If you don't need all the intake advance available in your VVT system, you could retard the static setting of the intake cams (by one tooth perhaps?) The ideal would probably be an intake closing range from 50* to 100* approx.

Fascinating project BTW.

je suis charlie

RE: Atkinson Cycle using VVT control unit

(OP)

Quote (gruntguru)

If you don't need all the intake advance available in your VVT system, you could retard the static setting of the intake cams (by one tooth perhaps?) The ideal would probably be an intake closing range from 50* to 100* approx.

hey the intake is painted red above and it is closing at 74* which is in between what you suggested. so my current timing is:

IVO 10* ATDC
IVC 74 ABDC
EVO 40 BBDC
EVC 8 ATDC

Quote (panther140)

any change in observed gas mileage?

well what is happening now is the wideband in the exhaust has started to read too little fuel...aka i'm running lean. This happens anytime i retard the intake to simulate this atkinson cycle. I think this is because some of the fuel mixture gets pushed back into intake tract (reversion) and not all of the intended fuel (as estimated by MAF sensor) makes its way to exhaust. Because of positive fuel trims caused by this i seem to be actually using more fuel. I'm thinking of removing closed loop so that it will not add additional fuel and allow me to run in a 'synthetic' lean burn mode.

RE: Atkinson Cycle using VVT control unit

Looks like you need to change your camshaft phasers to electric. :P That way the range would increase.

You never mentioned what load condition this if for? You have to change the map for all load conditions and interpolate in between. It should be easy to notice pumping loss changes at 0% load. When you take your foot off the throttle it will take a bit longer to go back to idle (depending on transmission..)

RE: Atkinson Cycle using VVT control unit

Hi pickler.
Stock EVO 29 BBDC EVC 19 ATDC
Now EVO 40 BBDC EVC 8 ATDC
So Exhaust is advanced?

When I said The ideal would probably be an intake closing "range" from 50* to 100*, I meant "electronically adjustable range". At the moment your "range" is 24* to 74*.

je suis charlie

RE: Atkinson Cycle using VVT control unit

Exhaust opening is happening sooner now than stock ... that means what you have now has the exhaust "advanced". To make use of the expansion stroke at lower revs, the exhaust has to be "retarded".

You may find that the increased overlap that this results in, helps your lean condition.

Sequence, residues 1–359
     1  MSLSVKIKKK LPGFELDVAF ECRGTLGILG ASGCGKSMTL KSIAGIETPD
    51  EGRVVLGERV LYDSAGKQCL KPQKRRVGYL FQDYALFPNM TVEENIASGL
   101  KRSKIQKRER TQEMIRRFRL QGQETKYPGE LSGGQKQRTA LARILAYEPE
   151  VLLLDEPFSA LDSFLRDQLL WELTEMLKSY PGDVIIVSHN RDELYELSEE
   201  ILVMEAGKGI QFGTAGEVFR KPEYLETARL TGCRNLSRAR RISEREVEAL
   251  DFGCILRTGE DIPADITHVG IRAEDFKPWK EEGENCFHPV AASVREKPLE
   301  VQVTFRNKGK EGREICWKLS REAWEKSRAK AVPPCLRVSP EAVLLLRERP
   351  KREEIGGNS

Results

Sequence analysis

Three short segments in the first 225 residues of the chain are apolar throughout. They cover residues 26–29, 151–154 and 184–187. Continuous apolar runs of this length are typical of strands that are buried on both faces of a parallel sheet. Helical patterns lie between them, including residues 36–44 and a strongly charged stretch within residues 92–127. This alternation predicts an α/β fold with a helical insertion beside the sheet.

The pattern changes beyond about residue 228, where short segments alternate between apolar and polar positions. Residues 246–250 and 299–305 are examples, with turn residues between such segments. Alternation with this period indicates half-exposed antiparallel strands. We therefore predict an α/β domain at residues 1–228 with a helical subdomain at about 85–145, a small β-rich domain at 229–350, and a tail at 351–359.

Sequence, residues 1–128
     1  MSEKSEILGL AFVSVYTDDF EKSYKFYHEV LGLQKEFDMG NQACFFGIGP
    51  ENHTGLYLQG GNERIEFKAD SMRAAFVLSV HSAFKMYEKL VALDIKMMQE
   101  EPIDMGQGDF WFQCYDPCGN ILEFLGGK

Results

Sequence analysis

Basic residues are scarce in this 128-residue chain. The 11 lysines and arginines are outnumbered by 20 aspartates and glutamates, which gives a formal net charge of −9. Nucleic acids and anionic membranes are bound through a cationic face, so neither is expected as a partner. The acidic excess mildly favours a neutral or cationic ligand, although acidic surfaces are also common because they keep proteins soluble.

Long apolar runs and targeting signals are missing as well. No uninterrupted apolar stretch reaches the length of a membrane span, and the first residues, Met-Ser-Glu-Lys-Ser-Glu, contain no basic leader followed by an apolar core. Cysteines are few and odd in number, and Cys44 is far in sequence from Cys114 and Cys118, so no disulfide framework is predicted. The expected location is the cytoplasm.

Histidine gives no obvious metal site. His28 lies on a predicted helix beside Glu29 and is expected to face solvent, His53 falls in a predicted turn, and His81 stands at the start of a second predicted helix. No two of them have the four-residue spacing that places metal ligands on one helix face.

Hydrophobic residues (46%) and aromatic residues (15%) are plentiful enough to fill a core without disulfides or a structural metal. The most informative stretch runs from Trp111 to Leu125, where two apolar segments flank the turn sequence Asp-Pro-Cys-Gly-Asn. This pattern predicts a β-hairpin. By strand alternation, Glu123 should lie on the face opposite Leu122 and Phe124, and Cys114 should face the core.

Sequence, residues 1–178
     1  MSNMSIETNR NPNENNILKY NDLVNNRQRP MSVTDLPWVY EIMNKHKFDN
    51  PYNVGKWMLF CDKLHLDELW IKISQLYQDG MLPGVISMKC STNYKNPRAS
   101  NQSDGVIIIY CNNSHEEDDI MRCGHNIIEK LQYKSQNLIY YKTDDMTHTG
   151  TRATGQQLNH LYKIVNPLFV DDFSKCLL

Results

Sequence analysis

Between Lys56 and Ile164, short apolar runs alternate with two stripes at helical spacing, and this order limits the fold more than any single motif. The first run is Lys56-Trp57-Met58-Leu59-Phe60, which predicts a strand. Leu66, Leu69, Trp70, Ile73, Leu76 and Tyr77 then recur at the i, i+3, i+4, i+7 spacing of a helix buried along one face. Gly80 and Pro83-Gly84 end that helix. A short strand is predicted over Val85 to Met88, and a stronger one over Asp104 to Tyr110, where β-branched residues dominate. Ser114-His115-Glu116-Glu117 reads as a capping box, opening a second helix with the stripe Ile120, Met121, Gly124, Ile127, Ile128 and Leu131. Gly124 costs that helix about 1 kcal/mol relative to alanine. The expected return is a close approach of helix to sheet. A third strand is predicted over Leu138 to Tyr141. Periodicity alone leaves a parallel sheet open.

And, don't be surprised if Subaru knew what they were doing when they set up the stock cam timing the way they did.

RE: Atkinson Cycle using VVT control unit

(OP)
yes I had to advance the exhaust to ensure it closes before the intake valve is opened. This is what Toyota is employing as well on the Prius. No overlap on the intake stroke is a characteristic of Atkinson cycle. However 40* evo is still comparatively 'retarded'. On the small more fuel efficient BRZ/Impreza 2.0 DI engine the EVO is much more advanced at 70-50*. EGR is not the best way to control fuel consumption because the same amount of fuel is still consumed by the engine. In an atkinson cycle without intake stroke overlap the fuel is ejected back into intake. Now my only issue is dealing with the cylinders that are 'exhibiting' lean burnoff as detected by front wideband sensors. The main reason i think is because the maf sensor detects say 40 grams of air and injects say 3 grams of fuel, however due to late IVC some of the fuel doesn't get used...this causes the rear o2 sensors to freak out...where did the rest of the fuel go? The computer just calculates that 3grams of fuel in should equal 3grams of co2 out.

as for the loads this is between 0 to 0.9 g/rev cylinder filling. so cruising loads and engine speeds. As soon as the throttle is opened intake timing is advanced.

RE: Atkinson Cycle using VVT control unit

The air and fuel ejected during the compression stroke still gets consumed - overall mixture shouldn't change with LIVC.

Are you saying the mixture distribution between cylinders is unequal during LIVC operation? This is most likely caused by unequal sharing of the ejected fuel. Have a look at the intake layout and firing order and try to judge which cylinder is most likely to get the ejected fuel from the previous cylinder's charge. If it is not the next cylinder in the firing order, you have a problem. You won't be able to run significant LIVC without changes to the manifold/plenum. You might also need to consider end to end airflow within the plenum as a cause of unequal distribution of ejected fuel.

This is all a little bit surprising with the long runners typical of Subaru. The cylinder needs to eject enough mix to find its way all the way back to the plenum to cause any problems. Of course wave action will carry the fuel that far too - at certain rpm.

je suis charlie

RE: Atkinson Cycle using VVT control unit

I have my doubts that with the long-runner intake and the injector sitting right next to the head, that the amount of fuel shared between cylinders is any more than negligible.